• Energy production: Fat is the most efficient source of food and energy.

  • Hormone production: Fat is part of the prostaglandins that regulate many bodily functions. These substances also regulate sex hormones and are critical for fertility and reproduction.

  • Nutrient absorption: Fat is necessary for our intestines to absorb the fat-soluble vitamins A, D, E and K, as well as minerals.

  • Organ protection and function: Fat provides a cushion for our vital organs, and it provides the essential fatty acids necessary for many organs to function optimally.

  • Skin health: Healthy skin requires healthy fats, particularly essential fatty acids.

  • Inflammation: Fats are needed to produce hormones that regulate inflammation.

  • Blood Clotting: Fats are essential for clotting cascade.

  • Maintain body temperature: Fats provide insulation, which helps to maintain body temperature.

Types of fat All fats have the same basic chemical structure, yet each varies by how many hydrogen atoms and double bonds it holds. The shape of the carbon chain helps determine the properties of the fat. Slight differences in structure can lead to crucial differences in function.

The three types of fats are:

1.   Saturated fats (typically solid at room temperature)

2.   Unsaturated fats

  • Monounsaturated: Food sources include olive oil, avocado oil, nuts, seeds and olives

  • Polyunsaturated: There are two primary types: Omega-3 (salmon, walnuts, flax seeds, etc.) and Omega-6 (processed foods and vegetable oils)

3.   Trans fats: Also known as partially hydrogenated oils. Found in commercially processed foods and solid margarines.

All foods contain a mix of fat types, but one type usually predominates. Click here to learn more about the various types of fats.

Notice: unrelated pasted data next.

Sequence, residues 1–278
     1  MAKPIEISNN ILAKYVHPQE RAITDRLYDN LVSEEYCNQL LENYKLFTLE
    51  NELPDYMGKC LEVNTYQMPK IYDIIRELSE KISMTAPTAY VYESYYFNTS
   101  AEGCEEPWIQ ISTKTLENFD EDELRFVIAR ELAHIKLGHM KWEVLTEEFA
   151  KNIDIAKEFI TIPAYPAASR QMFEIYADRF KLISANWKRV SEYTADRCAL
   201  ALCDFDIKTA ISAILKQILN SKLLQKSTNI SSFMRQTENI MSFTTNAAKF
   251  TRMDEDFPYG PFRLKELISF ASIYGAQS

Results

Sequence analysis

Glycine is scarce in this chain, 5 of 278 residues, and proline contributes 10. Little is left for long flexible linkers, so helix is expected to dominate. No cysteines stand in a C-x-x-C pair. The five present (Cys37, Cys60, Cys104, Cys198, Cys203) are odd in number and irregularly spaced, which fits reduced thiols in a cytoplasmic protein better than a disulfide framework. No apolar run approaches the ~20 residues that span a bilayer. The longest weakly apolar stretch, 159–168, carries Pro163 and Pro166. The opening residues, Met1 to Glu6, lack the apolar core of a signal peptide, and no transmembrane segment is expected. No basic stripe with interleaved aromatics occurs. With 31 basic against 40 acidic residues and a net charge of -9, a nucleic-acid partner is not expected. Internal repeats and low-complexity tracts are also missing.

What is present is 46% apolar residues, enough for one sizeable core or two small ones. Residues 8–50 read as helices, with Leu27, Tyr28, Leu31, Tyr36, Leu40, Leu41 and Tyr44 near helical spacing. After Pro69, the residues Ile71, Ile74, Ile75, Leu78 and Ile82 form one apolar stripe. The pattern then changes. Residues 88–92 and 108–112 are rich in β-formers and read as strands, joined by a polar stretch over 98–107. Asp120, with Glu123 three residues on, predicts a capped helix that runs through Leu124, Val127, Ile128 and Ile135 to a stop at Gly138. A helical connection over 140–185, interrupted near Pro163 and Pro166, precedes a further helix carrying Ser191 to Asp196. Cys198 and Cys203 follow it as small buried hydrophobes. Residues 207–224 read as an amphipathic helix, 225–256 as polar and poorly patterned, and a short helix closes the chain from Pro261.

Focus on eating food, rather than “nutrients.” Some general rules to guide your consumption:


  • It is not the total fat that matters but rather the type of fat that one consumes. Not all fats are created equal.The healthiest fats to least healthy fats to eat are:  Seafood Omega-3 Fats—> Plant Omega-3 Fats —> Plant Omega-6 Fats—> Monounsaturated Fats —> Saturated Fats —> Trans Fats. Omega-3 fats, derived from marine sources such as fish and algae are the healthiest. The richest sources of Omega-3 fats are in fatty fish (think SMASH: salmon, mackerel, anchovies, sardines, herring). Next are the Omega-3 fats derived from plants: chia seeds, hemp seeds, algal oil, flax seeds, leafy greens, beans and cabbages. Then, plant Omega-6 fats found in corn, soy, safflower and sunflower oils. Next in line are monounsaturated fats such as nuts, avocados, olives and olive oil. Saturated fats, which are found mostly in animal foods such as cream, cheese, milk, butter and fatty meats, follow. If you choose to eat red meat, eat it in moderation and source it from grass-fed and grass-finished animals. At the bottom of the barrel are trans fats (also known as partially hydrogenated oils). They should be avoided because they are highly toxic. Trans fats are found in processed foods.